Other than the above examples, as long as it is an undertaking or a career that helps change the world and benefit humanity, contribute to the well-being of the country, its people, society, economic prosperity, and bring happiness of the general public, Buddha’s Light members are most certainly encouraged to take part according to their own field of expertise, interest, and financial resources. In the future, Buddha’s Light members will also need to strive for the integration of tradition and modernism, and reform conventional methods into something acceptable to today’s people. For example, the manner of gatherings, chanting services, and activities need to be reformed. Extra attention needs to be paid to young adults and scouts so as to attract them to Buddhist undertakings. This will certainly contribute to Buddhism’s role in changing the world and benefiting humanity.
Bodhi mind refers to the great vow of enlightening both oneself and others; in other words, a bodhi mind is one that aspires to “seek buddhahood from above, teach and liberate sentient beings below.” The main reason that Buddhism declined in the past was because Buddhists did not strive hard enough to cultivate their compassion and wisdom, make vows and put the above into practice. Take the Four Universal Vows as an example, most people only dare chant them out loud but have very little courage to put them into practice. Therefore, if we wish for Buddhism to prosper today, then we must follow the examples of sages and eminent masters from the past, and resolve to develop the bodhi mind. For example, Sakyamuni Buddha vowed to never leave his seat from under the Bodhi tree until he attained enlightenment; Amitabha Buddha made forty-eight vows to create the Western Pure Land of Ultimate Bliss; Medicine Buddha made twelve vows to adorn his Eastern Pure Land; the Bodhisattvas Manjusri, Samanthabadra, Avalokitesvara, and Ksitigarbha have also based their practice on compassion and vows.
Other examples include Master Xuanzang who traveled westwards in pursuit of the Dharma, and Master Jianzhen who traveled eastwards to Japan to propagate the Dharma; their spirit and resolve to change the world and benefit humanity is something worth learning from. In fact, every practitioner of Mahayana Buddhism is obliged to follow and practice the Four Universal Vows. Therefore, every Buddha’s Light member who vows to practice the bodhisattva path needs to cultivate bodhi wisdom and the power of vows in order to change the world and benefit humanity. Once it deviates from the path of bodhi mind, Humanistic Buddhism will only be further away from the Buddha’s Way, and is only as good as worldly knowledge. How exactly do we develop the bodhi mind and find strength from vow making? The Suramgama Sutra says, “A deviant cause will only result in a tortuous effect.” When we resolve to do something and make vows, our intention must comply with what is said in Commentary on the Awakening of Mahayana Faith, they must be grand, upright, perfect and truthful. “If even a flaming wheel rotates on the top of my head, I still will not relinquish the bodhi mind because of the burning pain.” By making such a vow, we shall not diverge from the right path.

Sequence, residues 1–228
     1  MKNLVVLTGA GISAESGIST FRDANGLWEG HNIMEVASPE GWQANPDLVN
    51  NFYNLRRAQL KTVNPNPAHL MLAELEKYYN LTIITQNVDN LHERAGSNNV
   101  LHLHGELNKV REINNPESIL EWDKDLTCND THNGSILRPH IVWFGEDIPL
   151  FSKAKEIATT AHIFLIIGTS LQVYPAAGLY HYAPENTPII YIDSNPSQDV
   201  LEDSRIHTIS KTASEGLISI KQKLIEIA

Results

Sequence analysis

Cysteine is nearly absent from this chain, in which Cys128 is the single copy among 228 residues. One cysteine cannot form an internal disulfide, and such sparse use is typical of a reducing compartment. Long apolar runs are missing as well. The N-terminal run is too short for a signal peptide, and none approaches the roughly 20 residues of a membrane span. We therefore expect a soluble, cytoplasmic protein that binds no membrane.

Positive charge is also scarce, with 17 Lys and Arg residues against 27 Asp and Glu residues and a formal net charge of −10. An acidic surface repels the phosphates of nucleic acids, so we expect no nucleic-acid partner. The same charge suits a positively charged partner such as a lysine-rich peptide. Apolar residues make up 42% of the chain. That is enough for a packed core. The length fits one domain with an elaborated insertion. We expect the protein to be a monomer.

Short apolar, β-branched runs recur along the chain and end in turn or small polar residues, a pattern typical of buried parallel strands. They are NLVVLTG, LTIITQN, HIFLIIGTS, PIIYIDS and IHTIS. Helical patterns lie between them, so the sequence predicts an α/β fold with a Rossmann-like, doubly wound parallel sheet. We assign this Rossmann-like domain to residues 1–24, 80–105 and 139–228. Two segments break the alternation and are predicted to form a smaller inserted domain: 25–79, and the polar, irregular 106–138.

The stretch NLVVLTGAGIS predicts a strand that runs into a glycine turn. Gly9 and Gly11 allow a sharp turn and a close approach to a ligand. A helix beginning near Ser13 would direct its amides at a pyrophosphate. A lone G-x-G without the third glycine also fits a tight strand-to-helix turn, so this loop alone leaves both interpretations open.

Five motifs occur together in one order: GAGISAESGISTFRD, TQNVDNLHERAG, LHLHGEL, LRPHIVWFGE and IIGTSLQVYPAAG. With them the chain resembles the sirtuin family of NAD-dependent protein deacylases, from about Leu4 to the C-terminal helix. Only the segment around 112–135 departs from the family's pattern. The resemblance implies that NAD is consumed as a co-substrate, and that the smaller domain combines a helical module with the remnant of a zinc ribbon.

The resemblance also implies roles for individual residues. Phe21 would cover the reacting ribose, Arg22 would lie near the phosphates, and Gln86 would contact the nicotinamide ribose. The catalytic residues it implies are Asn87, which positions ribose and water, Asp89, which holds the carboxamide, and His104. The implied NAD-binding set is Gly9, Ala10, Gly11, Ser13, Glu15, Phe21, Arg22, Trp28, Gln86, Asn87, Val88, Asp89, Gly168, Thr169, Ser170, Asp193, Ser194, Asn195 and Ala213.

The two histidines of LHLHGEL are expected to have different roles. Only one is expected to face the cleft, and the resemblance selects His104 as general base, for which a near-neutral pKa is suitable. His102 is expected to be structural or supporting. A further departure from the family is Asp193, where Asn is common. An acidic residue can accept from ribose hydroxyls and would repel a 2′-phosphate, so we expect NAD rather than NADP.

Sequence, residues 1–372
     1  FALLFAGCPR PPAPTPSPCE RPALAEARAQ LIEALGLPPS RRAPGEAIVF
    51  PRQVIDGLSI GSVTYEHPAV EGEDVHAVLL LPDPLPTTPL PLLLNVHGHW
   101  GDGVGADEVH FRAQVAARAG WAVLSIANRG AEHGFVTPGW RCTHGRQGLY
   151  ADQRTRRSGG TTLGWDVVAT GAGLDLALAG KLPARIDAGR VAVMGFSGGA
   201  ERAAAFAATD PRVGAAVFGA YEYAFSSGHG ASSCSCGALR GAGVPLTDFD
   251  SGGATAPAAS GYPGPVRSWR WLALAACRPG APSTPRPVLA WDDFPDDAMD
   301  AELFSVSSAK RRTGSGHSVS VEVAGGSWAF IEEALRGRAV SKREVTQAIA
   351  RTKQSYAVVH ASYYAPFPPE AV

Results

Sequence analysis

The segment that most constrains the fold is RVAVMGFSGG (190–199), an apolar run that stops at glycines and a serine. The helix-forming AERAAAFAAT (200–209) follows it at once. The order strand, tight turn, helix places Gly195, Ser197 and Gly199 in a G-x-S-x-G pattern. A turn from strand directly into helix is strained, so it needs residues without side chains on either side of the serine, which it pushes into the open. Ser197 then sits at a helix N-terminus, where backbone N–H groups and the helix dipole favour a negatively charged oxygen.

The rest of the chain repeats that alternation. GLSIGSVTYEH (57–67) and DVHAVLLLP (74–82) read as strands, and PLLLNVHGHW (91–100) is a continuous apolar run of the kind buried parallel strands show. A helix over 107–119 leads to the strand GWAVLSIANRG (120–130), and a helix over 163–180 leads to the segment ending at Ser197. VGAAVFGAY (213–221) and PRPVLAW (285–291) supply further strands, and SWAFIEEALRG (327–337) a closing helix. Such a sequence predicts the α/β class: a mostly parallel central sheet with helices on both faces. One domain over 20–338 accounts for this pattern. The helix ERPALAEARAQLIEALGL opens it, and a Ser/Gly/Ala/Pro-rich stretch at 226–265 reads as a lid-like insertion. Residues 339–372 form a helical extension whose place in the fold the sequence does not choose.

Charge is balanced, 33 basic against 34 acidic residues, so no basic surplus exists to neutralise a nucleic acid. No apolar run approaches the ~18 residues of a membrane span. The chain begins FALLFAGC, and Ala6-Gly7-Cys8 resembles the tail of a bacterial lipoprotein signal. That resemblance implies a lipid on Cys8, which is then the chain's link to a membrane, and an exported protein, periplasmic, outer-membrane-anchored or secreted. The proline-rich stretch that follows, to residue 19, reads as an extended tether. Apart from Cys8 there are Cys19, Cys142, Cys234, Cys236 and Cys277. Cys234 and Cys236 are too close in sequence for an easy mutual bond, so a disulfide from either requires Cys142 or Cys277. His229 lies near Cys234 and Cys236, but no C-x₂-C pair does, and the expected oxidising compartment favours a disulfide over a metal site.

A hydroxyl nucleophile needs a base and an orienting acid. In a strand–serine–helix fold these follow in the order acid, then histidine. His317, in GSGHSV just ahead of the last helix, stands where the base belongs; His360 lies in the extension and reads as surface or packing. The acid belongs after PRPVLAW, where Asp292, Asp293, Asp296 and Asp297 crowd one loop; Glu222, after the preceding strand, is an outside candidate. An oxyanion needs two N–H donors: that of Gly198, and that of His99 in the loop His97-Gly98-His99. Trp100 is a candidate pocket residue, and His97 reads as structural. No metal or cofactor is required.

The following are some examples of vows that Buddha’s Light members can make:
1) I vow to be a Buddhist of right belief who shares the Dharma with the world.
2) I vow to spread the right beliefs of Buddhism throughout the world.
3) I vow to go to remote areas and outlying territories to propagate the Dharma.
4) I vow to reach and offer my love and care to areas of distress.
5) I vow to dedicate all my property to a Buddhist organization for sustainable management; I vow to dedicate my legacy to a Buddhist organization for the benefit of all sentient beings.
6) I vow to build a Buddhist family with right understanding and right views, and value religious heritage within the family.
7) I vow to be loyal to one teacher and one path, and will protect the right Dharma.